Simulating the Global Market

To simulate a competitive global market and supply chain, the University of Maryland's Robert H. Smith School of Business and Delft University of Technology laid out a network of virtual customers and suppliers around the globe. Each had parameters programmed into the Distributor Game simulation to provide what co-developer Dr. Alexander Verbraeck called "local circumstances."

With a complex set of algorithms driving the actions of suppliers and customers (and a few surprises thrown in for the competitors), all that remained was to build a market of competing distributor networks. For this university teams around the world assumed the role of a distributor company. To give a true global flavor, the teams' virtual location didn't always correspond to its actual location.

But when the game started, it was operating live in geographies across the United States, Europe and Asia. Weeks of events were compressed into 90 minutes as the teams worked feverishly to employ their market and sourcing strategies, adjust to events and meet pricing and other competitive challenges.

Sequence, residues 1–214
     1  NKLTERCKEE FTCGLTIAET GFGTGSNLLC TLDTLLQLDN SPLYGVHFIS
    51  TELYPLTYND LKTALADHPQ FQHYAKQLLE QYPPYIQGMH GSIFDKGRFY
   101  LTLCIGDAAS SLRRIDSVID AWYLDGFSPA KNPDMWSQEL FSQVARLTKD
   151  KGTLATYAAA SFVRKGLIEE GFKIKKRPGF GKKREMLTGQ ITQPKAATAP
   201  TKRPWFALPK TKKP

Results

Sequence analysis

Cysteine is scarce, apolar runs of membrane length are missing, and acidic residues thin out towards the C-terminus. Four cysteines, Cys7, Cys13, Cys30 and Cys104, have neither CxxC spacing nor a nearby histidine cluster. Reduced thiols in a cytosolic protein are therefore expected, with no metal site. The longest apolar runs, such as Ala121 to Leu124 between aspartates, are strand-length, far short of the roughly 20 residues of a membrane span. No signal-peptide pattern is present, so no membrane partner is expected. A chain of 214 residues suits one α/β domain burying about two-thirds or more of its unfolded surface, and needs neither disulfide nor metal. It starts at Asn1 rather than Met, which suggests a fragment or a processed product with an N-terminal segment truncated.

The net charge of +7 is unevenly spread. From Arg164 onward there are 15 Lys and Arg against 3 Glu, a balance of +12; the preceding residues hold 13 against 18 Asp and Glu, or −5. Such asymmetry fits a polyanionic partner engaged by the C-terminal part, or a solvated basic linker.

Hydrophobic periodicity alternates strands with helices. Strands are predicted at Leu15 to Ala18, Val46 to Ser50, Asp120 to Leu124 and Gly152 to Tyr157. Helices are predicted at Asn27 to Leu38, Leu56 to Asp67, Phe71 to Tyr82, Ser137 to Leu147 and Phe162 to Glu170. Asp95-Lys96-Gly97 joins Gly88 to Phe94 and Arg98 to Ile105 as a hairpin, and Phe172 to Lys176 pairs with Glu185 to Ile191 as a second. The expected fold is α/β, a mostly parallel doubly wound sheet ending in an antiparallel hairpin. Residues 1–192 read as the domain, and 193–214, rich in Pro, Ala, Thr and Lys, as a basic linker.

The 12 teams that took place in the first Global Supply Chain Competition included:

  • Arizona State University (as San Francisco)
  • CERAM Sophia Antipolis of France (as Lyon, France)
  • Management Development Institute of India (as Madras, India)
  • Michigan State University (as Warsaw, Poland)
  • Nankai University of China (as Hong Kong)
  • Pennsylvania State University (as Davao, Philippines)
  • Soochow University of Taiwan (as Seoul, South Korea)
  • The Ohio State University (as Omaha, Nebraska)
  • Turku School of Economics of Finland (as Copenhagen, Denmark)
  • University of Groningen the Netherlands (as Enschede, the Netherlands)
  • University of Maryland (as Boston)
  • University of Tennessee (as Houston)
Hide comments


  • Allowed HTML tags: <em> <strong> <blockquote> <br> <p>

Plain text

  • No HTML tags allowed.
  • Web page addresses and e-mail addresses turn into links automatically.
  • Lines and paragraphs break automatically.